Sunday 4 Dec 2011
TEHRAN (FNA)- Iranian scientists plan to send a second biocapsule of
living creatures, probably mice, into the space, an academic revealed on
Sunday without giving any specific date for the launch.
"The plan for sending living creature into space was approved and it is
waiting for a final approval," Mansour Kabkanian, a professor at
Tehran's Amirkabir University, said on Sunday.
"After the final approval, the plan for sending living creatures
into space will be implemented," he said, adding that the country plans
to send the living creatures to the altitude of 300km below the 70
Kabkanian also mentioned that Iranian scientists have proposed
sending mice into space since they are stronger and more resistant than
Also earlier this year, Head of Iran's Space Agency renewed his promise that Iran would send a live monkey into space.
"One cannot give a set date for this project and as soon as our
nation's scientists announce the readiness (of the project) it will be
announced," said Hamid Fazeli in October.
Fazeli had said in mid-June that Iran plans to launch a Kavoshgar-5
rocket with a 285-kilogram capsule carrying a monkey to an altitude of
120 kilometers (74 miles)."
"Our scientists are exerting continuous efforts on this project...
our colleagues are busy with empirical studies and sub-system testing of
this project so it is a success," he said.
In mid-March, Iran's space organization announced the launch of the
Kavoshgar-4 rocket carrying a test capsule designed to house the monkey.
The capsule had been unveiled in February by President Mahmoud
Ahmadinejad, along with four new prototypes of home-built satellites the
country hopes to launch before March 2012.
At the time, Fazeli called the launch of a large animal into space
as the first step towards sending a man into space, which Tehran says is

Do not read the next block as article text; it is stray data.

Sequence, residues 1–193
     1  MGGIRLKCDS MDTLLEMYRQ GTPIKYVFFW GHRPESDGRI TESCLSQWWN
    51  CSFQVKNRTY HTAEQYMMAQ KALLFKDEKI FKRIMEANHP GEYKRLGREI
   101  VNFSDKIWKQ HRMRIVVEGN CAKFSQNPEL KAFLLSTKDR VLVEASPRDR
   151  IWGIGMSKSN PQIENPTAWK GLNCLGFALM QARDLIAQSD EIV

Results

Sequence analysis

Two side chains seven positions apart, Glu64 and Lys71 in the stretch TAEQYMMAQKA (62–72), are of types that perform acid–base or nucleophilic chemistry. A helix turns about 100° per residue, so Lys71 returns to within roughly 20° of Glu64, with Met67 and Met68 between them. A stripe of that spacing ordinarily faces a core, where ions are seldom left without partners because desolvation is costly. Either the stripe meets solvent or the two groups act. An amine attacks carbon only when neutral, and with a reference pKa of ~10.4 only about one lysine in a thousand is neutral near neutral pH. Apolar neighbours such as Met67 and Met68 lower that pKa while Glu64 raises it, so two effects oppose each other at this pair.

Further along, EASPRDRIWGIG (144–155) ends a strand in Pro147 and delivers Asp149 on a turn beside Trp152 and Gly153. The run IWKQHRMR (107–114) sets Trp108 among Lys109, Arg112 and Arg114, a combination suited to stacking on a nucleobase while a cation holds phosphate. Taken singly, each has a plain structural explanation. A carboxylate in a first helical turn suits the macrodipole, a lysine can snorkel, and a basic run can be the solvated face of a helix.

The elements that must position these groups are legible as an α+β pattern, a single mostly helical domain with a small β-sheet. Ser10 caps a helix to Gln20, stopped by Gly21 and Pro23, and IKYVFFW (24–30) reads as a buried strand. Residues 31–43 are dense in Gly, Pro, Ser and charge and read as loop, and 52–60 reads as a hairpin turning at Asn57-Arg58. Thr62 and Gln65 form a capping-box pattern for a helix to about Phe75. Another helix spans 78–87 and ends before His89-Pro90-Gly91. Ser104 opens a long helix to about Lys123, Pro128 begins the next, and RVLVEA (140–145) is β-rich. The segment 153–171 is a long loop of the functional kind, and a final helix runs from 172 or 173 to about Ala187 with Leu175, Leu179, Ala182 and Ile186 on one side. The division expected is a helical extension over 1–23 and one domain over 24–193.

scheduled for 2020.
Iran has already sent small animals into space - a rat, turtles and
worms - aboard a capsule carried by its Kavoshgar-3 rocket in 2010.
The Islamic republic, which first put a satellite into orbit in
2009, has outlined an ambitious space program and has, thus far, made
giant progress in the field despite western sanctions and pressures
against its advancement.
Iran announced in February that it planned to unveil and send two recently-built satellites into space in the near future.
Iranian President Mahmoud Ahmadinejad announced in 2010 that Iran
plans to send astronauts into space in 2024. But, later he said that the
issue had gone under a second study at a cabinet meeting and that the
cabinet had decided to implement the plan in 2019, five years earlier
than the date envisaged in the original plan.
Omid (hope) was Iran's first research satellite that was designed
for gathering information and testing equipment. After orbiting for
three months, Omid successfully completed its mission without any
problem. It completed more than 700 orbits over seven weeks and
reentered the Earth's atmosphere on April 25, 2009.
After launching Omid, Tehran unveiled three new satellites called
Tolou, Mesbah II and Navid, respectively. Iran has also unveiled its
latest achievements in designing and producing satellite carriers very
A new generation of home-made satellites and a new satellite carrier
called Simorgh (Phoenix) were among the latest achievements unveiled by
Iran's aerospace industries.
The milk-bottle shaped rocket is equipped to carry a 60-kilogram (132-pound) satellite 500 kilometers (310 miles) into orbit.
The 27-meter (90 foot) tall multi-stage rocket weighs 85 tons and
its liquid fuel propulsion system has a thrust of up to 143 tons.
Iran is one of the 24 founding members of the United Nations'
Committee on the Peaceful Uses of Outer Space (UNCOPUOS), which was set
up in 1959.
Tags: iran, irgc, islamic republic, space, kavoshgar-5, simorgh, bomb, mice,
Location: Tehran, Tehran, Iran (load item map)
Marked as: approved
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